For most people, that is the end of their reaction to the story. They shed tears and then move on with their day.
I understand that. I used to be one of those people. I used to cry, say I couldn’t comprehend the depths of that mother’s pain and then thank god I didn’t know that pain. Until it was me. Until it was MY daughter, until it was MY family suffering through something so horrendous there are hours and days I’m sure I’ve blocked out of my mind because it is simply too hard to relive them.
I wonder if we could make action viral. I wonder if it could inspire everyone who sees it to do something small to try and save our children who are dying. You could give blood and do it regularly, you could go on the bone marrow registry to save the life of someone who needs a transplant, you could donate to the research foundations and leukaemia foundations rather than buying an extra coffee this week.
My daughter Frankie was beyond amazing. She suffered things you and I would not cope with. And mostly all with a smile. In the hour before she died, she managed to open her eyes to greet each of her grandparents, aunts and uncles as they made a mercy dash to farewell their little hero. She smiled gently for her mummy and daddy as she lay in our arms, her breathing slowing. I held her tight and whispered in her ear that it was ok, she had fought so, so hard and it was ok for her to let go.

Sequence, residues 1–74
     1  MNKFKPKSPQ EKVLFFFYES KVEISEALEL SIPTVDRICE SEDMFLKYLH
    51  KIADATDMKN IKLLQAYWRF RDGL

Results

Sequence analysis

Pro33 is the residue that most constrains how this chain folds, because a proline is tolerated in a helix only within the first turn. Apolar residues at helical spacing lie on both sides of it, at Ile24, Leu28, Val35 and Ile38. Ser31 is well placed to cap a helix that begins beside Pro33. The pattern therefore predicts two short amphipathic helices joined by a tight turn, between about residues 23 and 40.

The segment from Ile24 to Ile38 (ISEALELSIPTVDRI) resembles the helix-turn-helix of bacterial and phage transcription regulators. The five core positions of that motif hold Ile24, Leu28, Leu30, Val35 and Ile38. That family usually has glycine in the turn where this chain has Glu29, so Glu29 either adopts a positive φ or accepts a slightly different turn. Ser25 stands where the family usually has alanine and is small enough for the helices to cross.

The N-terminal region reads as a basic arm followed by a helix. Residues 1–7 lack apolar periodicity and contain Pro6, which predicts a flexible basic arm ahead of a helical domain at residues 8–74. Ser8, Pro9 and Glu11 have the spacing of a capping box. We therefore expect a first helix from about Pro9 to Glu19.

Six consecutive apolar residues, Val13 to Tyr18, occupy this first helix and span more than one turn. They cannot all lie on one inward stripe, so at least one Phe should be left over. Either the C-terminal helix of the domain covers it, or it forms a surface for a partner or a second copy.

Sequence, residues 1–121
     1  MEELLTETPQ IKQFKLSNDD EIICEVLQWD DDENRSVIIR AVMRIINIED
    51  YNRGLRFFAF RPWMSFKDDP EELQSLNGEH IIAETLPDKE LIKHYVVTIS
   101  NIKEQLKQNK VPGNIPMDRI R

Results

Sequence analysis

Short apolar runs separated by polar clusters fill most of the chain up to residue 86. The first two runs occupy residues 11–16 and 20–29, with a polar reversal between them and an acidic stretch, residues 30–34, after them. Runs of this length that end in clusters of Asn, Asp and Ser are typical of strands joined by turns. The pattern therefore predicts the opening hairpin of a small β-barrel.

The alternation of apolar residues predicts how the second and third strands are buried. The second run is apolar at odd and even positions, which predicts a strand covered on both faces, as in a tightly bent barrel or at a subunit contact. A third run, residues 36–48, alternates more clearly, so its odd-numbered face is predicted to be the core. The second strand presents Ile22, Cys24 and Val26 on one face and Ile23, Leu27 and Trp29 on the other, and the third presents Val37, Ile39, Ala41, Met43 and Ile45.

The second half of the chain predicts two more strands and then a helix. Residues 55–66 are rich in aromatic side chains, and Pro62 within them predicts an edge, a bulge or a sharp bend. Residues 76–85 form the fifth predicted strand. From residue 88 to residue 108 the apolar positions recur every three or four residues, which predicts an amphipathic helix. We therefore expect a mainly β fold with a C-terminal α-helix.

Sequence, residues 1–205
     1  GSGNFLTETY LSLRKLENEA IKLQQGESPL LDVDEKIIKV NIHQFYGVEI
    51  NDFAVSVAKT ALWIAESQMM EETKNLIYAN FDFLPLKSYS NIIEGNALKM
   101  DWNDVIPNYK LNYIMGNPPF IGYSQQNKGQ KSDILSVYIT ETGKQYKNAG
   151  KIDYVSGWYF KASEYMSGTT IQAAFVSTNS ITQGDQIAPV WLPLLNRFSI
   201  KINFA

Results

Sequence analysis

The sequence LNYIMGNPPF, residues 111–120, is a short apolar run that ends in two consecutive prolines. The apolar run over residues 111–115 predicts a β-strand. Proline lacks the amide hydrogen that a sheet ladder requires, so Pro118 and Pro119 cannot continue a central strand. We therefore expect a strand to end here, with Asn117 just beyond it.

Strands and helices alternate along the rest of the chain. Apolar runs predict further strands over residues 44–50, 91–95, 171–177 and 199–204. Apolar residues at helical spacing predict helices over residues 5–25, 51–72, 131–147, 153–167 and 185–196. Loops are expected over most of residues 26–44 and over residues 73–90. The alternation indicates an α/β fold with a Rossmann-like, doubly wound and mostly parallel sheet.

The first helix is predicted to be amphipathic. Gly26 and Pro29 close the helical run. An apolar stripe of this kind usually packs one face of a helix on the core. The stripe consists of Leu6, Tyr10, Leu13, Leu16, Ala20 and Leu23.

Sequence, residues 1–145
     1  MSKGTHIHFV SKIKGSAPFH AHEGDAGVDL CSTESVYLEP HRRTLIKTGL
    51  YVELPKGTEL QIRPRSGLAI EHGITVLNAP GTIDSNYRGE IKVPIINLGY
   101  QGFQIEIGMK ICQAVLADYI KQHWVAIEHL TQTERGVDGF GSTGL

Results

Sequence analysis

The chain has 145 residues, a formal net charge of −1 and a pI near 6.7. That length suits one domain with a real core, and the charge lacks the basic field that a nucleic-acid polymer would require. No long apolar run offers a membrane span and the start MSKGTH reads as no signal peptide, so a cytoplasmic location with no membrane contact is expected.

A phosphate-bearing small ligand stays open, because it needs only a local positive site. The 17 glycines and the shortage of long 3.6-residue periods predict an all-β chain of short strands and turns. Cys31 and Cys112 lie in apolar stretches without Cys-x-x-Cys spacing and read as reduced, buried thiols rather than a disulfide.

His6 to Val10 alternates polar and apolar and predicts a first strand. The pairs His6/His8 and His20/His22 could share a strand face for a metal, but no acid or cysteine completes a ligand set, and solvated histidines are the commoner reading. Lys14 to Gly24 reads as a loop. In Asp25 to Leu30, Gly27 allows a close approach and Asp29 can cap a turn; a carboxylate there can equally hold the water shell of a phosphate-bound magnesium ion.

Imagine that. Imagine telling your child it was ok for them to stop fighting. Ok for them to die. It isn’t ok. It never will be. But I couldn’t bear for her to think she had to fight anymore. I wanted her to slip away peacefully and painlessly to a place where she was free of pain.
What will you do today to try and prevent that from happening to your family, your child or someone you love? How will you contribute?
To donate to the Leukaemia Foundation, click here.
To join Frankie's Fight, follow the group on Facebook here.
Too much noise and not enough time?